Remove These Malicious Apps From Your Android As Soon As Possible

Unfortunately, how often do we hear about applications containing malware on the Google platform ( not that they are the only ones with a malware problem ). Every time we learn about new Trojans, it reminds us to be careful when downloading new applications. This time, the newly discovered apps have been downloaded over two million times, which means that many devices have been compromised.

Cybersecurity Doctor Web has detected a Trojan called “Fast Cleaner & Cooling Master” in the Play Store. This app was meant to be an OS optimization, claiming to improve the Android performance of your smartphone. Instead, the app secretly communicates with developers via Firebase Cloud Messaging or the AppMetrica Push SDK, displays ads on victims’ smartphones, or uses these devices as proxy servers. For example, if the application was installed on your Android, third parties may route their traffic through your device.

This app has had less than 1,000 downloads, which, while not perfect, is not a huge malware breakthrough. However, Doctor Web found other Trojans that use Firebase Cloud Messaging to communicate with their developers, this time to download specific websites. They found three apps that fit the bill: “Volume, Music Equalizer” with 50,000 downloads, “Bluetooth, Wi-Fi and USB” driver with 100,000 downloads, and “Bluetooth Device Auto-Connect” with a million downloads. Automatic connection of a Bluetooth device has been touted as a solution to improve your Bluetooth connection, as well as provide automatic connection to Bluetooth devices so that you could theoretically bypass the Android Bluetooth settings menu every time you want to join.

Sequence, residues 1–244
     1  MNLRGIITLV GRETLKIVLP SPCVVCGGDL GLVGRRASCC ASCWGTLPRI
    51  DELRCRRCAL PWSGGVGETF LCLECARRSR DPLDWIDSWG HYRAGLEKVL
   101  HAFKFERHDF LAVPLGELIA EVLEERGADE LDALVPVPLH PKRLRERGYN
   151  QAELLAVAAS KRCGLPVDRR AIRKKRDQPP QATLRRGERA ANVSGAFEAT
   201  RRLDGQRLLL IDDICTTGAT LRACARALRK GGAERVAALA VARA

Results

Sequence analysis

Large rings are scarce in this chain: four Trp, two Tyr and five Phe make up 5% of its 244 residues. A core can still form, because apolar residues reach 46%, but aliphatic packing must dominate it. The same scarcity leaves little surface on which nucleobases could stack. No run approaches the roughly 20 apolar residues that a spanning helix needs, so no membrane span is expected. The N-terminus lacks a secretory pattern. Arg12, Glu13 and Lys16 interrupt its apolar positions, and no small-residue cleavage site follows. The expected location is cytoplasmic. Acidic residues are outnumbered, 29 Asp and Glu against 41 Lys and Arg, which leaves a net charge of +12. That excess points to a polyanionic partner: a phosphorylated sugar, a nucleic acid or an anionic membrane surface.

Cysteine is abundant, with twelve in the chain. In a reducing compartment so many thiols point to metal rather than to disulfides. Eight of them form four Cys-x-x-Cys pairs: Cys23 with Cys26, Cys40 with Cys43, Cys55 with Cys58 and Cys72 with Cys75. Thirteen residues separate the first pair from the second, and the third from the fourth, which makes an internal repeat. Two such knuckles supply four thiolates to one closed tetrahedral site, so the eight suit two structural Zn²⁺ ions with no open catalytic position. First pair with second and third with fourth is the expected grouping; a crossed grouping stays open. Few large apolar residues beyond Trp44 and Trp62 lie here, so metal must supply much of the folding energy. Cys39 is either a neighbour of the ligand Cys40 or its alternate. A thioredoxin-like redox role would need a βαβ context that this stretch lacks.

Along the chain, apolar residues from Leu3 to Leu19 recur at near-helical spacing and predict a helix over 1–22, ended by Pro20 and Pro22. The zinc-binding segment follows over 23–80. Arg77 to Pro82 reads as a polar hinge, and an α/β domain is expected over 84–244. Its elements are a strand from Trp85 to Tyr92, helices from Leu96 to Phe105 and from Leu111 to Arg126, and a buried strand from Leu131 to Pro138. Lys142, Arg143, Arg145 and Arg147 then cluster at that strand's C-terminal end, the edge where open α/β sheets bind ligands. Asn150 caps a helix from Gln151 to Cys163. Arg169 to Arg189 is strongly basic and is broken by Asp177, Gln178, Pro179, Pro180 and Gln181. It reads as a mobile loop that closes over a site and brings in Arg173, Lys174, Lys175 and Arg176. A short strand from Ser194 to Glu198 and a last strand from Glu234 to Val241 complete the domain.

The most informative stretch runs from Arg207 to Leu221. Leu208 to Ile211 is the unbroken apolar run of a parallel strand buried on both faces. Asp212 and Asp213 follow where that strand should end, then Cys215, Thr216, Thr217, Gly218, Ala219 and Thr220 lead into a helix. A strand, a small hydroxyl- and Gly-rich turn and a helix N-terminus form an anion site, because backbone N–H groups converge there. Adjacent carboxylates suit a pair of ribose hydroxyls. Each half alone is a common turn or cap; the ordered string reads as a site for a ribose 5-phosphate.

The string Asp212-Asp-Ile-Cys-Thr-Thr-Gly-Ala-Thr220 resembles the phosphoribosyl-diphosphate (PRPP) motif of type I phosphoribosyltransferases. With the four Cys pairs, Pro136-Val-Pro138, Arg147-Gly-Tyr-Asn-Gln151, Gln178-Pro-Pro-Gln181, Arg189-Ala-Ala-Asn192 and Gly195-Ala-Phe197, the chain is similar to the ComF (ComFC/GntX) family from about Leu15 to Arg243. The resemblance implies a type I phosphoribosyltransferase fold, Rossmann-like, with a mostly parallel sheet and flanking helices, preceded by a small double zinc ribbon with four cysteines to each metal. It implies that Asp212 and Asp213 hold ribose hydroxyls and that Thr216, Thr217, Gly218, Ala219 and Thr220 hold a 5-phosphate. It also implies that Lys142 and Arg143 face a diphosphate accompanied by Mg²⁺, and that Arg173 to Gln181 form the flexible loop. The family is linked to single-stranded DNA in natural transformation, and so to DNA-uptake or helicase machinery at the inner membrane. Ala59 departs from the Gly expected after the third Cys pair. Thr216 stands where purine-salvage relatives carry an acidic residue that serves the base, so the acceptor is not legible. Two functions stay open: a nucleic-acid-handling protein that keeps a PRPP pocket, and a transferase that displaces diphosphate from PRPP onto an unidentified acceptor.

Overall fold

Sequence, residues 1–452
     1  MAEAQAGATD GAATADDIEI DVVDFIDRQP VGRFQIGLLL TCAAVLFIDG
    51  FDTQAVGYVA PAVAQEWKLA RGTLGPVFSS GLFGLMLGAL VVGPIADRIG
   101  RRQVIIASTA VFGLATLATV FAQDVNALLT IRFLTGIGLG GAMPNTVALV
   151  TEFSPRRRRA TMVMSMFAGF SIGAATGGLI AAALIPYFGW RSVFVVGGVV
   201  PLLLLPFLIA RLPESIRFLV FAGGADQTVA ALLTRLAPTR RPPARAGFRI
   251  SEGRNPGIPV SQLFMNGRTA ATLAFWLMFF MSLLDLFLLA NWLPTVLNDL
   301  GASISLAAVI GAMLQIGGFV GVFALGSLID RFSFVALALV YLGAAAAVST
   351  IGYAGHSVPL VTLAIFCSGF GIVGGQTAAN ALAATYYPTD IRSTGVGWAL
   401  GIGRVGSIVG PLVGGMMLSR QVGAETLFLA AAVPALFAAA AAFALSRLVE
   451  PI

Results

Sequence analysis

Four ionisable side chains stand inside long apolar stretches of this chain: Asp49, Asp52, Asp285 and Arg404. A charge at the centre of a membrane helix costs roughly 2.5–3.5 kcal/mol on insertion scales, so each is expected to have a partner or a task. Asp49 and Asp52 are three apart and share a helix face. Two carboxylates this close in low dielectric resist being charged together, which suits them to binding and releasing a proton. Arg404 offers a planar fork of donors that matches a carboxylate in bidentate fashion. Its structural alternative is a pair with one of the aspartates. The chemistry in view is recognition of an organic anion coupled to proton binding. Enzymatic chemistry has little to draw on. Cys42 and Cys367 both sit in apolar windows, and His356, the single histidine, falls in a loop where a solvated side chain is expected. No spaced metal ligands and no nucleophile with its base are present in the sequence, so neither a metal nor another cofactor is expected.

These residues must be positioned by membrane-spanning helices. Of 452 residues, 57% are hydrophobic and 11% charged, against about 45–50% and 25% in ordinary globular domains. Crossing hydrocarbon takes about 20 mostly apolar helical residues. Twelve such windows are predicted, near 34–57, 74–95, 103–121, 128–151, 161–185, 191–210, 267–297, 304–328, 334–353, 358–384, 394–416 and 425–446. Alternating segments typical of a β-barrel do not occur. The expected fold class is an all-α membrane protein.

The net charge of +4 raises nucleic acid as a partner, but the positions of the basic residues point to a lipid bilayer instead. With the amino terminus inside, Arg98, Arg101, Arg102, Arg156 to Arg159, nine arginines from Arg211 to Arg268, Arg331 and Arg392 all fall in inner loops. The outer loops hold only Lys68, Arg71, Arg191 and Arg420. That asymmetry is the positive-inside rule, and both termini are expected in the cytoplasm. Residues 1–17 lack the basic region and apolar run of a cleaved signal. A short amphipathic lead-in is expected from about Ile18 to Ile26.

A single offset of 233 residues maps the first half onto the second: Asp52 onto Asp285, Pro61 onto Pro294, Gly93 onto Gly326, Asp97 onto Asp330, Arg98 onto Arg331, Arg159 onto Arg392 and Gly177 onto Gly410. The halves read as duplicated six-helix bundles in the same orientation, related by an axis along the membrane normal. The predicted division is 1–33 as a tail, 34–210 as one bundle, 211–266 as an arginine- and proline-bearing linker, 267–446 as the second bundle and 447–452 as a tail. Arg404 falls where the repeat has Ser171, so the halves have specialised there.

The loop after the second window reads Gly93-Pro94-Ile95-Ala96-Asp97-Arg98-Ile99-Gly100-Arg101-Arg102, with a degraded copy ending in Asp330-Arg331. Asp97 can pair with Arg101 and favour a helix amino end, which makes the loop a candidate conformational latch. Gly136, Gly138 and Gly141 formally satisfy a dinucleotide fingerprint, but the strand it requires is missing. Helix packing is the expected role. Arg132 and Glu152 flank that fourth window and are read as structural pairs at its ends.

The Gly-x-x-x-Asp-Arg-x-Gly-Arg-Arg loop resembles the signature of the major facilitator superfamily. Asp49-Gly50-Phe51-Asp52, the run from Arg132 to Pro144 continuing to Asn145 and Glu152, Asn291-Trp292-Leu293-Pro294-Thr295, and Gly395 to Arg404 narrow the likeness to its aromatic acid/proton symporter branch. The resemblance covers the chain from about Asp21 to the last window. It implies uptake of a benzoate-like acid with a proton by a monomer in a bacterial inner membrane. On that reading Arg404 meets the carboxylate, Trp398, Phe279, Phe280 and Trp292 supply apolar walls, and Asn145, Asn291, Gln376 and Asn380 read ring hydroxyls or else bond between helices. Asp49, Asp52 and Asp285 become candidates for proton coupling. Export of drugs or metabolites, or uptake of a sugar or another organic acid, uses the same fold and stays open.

Bluetooth Device Auto-Connect is not the only Trojan with so many downloads. TubeBox alone had over a million downloads, probably because it attracted people as an easy way to make money. Users will only need to watch an in-app ad video, which in theory will generate coins and coupons that they can later redeem for real money. The problem was that no one could actually redeem their credits due to “problems reported by the app”. As you might have guessed, the app never intended to pay out money to users. Instead, the developers pocketed all the ad revenue generated from users’ browsing history for themselves. While we don’t have statistics on these numbers, the fact that the app has been downloaded over a million times means that the scammers probably walked away with a good chunk of ad money.

Protect yourself from malicious apps in the Google Play Store

Unfortunately, Google does not have warnings that the application you are viewing may be malicious. Once they approve an app, it appears in the store like any other until Google finds out something about the app to remove it. However, there are steps you can take to keep yourself and your device safe.

First, always fully check the app’s page on the Play Store before downloading it. Does the name of the application make sense? “Bluetooth, Wi-Fi and USB” is a terrible name for an app and I think it’s malware. Then check the graphics and description of the application. Does everything seem carefully thought out and well put together? Does the app description match the intended use? Are there any mistakes or poorly written? It could be big red flags.

Reviews help a lot too. Often users who download malware complain about the impact of the application on their phone. You might see negative comments about the amount of ads users are shown, how slow their phone is getting, or how the app doesn’t do anything it’s supposed to do. If you see enough of these warning signs, you should stay away.

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